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Fundraiser launched to restore historic Holy Well to its former glory


From this week's Galway City Tribune

From this week's Galway City Tribune

Fundraiser launched to restore historic Holy Well to its former glory Fundraiser launched to restore historic Holy Well to its former glory

A holy well in Bearna, that is over 1,500 years old, is being restored to its former glory by community activists.

Bailte Slachtmara Bhearna, the local Tidy Towns group, has secured a grant of €10,840 through the Heritage Council’s Community Heritage Grant Scheme 2022 to restore Tobar Éanna.

Located within Galway City Council’s boundary, on the city side of the road to Silverstrand Beach, the holy well has been attracting pilgrims for centuries.

Named after Saint Enda the patron saint of the Aran Islands, Tobar Éanna in Bearna was said to be his overnight resting place on the mainland before travelling to the three islands.

“He died in 532, in the sixth century, so the well dates to the very late fifth century or early sixth century,” explained Denis O’Dwyer, chairman of Bailte Slachtmara Bhearna.

“Saint Enda was originally a warrior from County Antrim who converted to Christianity. He travelled around a lot spreading the word and used to go regularly to the Aran Islands. This was his overnight stop, where he would sleep and rest, on his way to the Aran Islands,” he said.

The well was blessed by St Enda and is said to have healing properties.

“Its water has healing powers and was used for eye and ear ailments. People still throw coins into it to this day, so that it would bring them good fortune or heal them or bribe the gods.

“It’s not documented anywhere but it’s known locally and passed down through generations by word of mouth that there were pilgrimages going to it for centuries,” said Mr O’Dwyer.

The works include the restoration of a wall dating from before 1837/1838 that encircles the well.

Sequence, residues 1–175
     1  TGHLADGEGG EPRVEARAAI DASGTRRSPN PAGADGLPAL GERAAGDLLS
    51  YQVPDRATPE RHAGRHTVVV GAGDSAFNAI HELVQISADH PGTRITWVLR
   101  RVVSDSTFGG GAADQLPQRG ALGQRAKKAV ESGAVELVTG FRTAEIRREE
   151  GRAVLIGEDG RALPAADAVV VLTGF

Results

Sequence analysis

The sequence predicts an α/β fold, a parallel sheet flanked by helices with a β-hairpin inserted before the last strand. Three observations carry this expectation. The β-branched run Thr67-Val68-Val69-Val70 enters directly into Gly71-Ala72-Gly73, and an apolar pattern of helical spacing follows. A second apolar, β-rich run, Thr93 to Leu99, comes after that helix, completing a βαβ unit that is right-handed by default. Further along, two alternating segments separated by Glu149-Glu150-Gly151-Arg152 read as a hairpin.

It also involves partially restoring the boundary wall, replacing a missing gate, installing information signage and other works.

Jim Higgins, Heritage Officer with Galway City Council okayed the works, and conservation architect, Gerry McManus, advised on the project.

An Spidéal stonemason Denis Goggin is involved in repairing a modern limestone cross, which was sourced in the 1980s by the late Bernie Falvey, as part of Bearna Guild of the Irish Countrywomen’s Association who revived the well in 1979. The cross will be incorporated into the restoration.

“We don’t want to lose it; it’s part of the modern history of this well and a link to the ICA,” said Mr O’Dwyer.

As part of the project, historian Tom Kenny will give a brief talk about the history of the well, as part of Heritage Week that runs this August.

“It’s a very tranquil, peaceful place and people go there to meditate and pray, and we’re trying to restore it so that people will respect it for what it is, and we want to return it to what it was supposed to be,” Mr O’Dwyer said.

A fundraising page has been set-up to cover the shortfall in funding for the project.

(Denis O’Dwyer, chairman of Bailte Slachtmara Bhearna. Photo: Joe O’Shaughnessy.

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